All three are pretty important and QUITE different than what the RIAA and MPAA have been complaining about.

     

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  20.  
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    Anonymous Coward, Mar 5th, 2009 @ 6:37am

    I just love these

     

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  21.  
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    Ed, Mar 5th, 2009 @ 7:14am

    I just love these "end of the workd" statements

    I am constantly hearing Pro-IP people say "If we don't protect IP, people will stop making Music/Movies/Books, etc". Well, if that is true, why not let it happen? End copyright, and prove your point. When all entertainment stops, it will be obvious you were right, others are wrong, and copyright will have to be restored.
    I find it so funny when people make ridiculous claims of "If people can get it for free, they will never pay for it". I know I certainly don't fit that mold, and can not believe I am unique.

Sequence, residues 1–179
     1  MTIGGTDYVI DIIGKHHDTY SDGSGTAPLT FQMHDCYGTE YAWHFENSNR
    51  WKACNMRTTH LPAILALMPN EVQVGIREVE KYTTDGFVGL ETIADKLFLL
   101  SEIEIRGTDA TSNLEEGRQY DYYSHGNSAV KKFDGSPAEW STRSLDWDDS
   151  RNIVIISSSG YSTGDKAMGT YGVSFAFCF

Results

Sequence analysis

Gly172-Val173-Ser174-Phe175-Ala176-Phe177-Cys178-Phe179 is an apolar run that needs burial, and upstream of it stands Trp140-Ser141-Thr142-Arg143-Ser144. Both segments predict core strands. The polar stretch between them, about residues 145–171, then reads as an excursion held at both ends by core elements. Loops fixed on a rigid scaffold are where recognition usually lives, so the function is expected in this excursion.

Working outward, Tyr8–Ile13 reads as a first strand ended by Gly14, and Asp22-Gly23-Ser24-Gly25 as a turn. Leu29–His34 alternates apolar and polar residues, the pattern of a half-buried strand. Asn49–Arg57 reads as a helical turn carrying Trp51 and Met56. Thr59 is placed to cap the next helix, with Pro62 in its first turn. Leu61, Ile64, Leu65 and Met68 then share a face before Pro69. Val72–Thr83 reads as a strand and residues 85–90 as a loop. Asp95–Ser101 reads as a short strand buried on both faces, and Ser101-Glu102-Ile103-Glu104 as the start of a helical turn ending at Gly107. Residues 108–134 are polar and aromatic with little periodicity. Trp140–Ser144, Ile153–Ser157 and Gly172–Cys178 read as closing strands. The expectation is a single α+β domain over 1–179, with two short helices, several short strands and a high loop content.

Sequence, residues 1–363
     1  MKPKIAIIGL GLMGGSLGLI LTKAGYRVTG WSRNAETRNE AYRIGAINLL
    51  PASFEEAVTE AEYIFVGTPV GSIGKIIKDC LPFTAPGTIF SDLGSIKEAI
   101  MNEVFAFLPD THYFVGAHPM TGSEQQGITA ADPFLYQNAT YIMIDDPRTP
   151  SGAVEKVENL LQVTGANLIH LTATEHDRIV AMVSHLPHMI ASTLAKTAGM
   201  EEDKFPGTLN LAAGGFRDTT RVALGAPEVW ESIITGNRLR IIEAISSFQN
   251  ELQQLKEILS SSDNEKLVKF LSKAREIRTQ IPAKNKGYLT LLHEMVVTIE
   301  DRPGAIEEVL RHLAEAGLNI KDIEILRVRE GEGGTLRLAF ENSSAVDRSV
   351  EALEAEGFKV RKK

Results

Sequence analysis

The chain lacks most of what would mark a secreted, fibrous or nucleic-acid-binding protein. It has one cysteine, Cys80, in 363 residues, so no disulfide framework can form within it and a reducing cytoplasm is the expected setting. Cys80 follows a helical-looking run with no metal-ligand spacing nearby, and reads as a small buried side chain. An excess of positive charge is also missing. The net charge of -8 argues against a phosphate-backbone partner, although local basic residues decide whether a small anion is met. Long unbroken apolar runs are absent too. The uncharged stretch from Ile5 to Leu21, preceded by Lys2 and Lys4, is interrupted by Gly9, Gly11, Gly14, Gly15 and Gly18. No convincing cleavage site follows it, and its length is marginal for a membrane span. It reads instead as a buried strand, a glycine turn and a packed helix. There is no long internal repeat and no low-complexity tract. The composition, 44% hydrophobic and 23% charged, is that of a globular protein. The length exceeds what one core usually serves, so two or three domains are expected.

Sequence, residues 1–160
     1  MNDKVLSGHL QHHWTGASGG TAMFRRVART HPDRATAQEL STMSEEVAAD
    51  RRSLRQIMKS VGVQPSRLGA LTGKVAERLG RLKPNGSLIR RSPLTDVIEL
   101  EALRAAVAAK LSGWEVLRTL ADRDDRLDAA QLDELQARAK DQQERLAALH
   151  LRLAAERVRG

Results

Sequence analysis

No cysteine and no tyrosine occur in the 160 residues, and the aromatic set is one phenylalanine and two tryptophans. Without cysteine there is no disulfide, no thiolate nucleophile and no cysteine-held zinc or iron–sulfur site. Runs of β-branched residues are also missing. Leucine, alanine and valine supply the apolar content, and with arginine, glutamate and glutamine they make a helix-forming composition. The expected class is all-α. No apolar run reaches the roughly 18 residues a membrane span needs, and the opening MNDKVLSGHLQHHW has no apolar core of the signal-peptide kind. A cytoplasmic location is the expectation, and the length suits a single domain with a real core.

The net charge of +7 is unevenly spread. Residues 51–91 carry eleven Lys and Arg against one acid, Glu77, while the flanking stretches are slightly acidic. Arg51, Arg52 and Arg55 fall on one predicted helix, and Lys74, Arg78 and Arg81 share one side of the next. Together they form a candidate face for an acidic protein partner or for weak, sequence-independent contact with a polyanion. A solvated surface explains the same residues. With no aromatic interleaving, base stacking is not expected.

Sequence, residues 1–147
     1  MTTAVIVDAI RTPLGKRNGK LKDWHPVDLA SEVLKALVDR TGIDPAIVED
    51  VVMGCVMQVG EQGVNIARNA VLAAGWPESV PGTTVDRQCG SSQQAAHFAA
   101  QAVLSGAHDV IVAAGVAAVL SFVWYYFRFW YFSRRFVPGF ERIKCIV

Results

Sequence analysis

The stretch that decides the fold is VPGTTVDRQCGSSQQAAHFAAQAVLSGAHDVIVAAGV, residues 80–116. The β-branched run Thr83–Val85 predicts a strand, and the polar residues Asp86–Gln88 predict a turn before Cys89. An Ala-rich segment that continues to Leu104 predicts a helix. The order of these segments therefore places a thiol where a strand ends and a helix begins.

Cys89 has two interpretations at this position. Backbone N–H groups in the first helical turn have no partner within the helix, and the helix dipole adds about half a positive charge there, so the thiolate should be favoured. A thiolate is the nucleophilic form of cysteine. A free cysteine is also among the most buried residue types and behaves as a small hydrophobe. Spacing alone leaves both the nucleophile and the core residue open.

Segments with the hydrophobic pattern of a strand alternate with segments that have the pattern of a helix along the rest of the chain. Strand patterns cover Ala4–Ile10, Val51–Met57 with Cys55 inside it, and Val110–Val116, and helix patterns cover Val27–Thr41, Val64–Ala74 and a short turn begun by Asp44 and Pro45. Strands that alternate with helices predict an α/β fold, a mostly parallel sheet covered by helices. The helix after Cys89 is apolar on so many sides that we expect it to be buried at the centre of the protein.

1) I am constantly replacing home make dvds (recorded from TV, acceptable quality), with purchased ones, when I come across them.

    2) I purchase multiple versions of books; paper, ebook (from which I am able to produce mp3s) and audio books (when available).

    The second point is for those who argued in favor of the kindle banning text to speech. Example I own 2 versions of LOTRs in paper, one in ebook, 3 different audio book versions (including one recorded from public radio, I
    eventually ordered by phone from Harrods, London, since it was not available in this country in 1985).
    I am not against copyrights (of reasonable duration, requiring refiling at intervals to maintain). People deserve to get paid for their work. But taxes and laws should be for the greater good, not the sole benefit of special interests, with deep pockets.

     

    reply to this | link to this | view in thread ]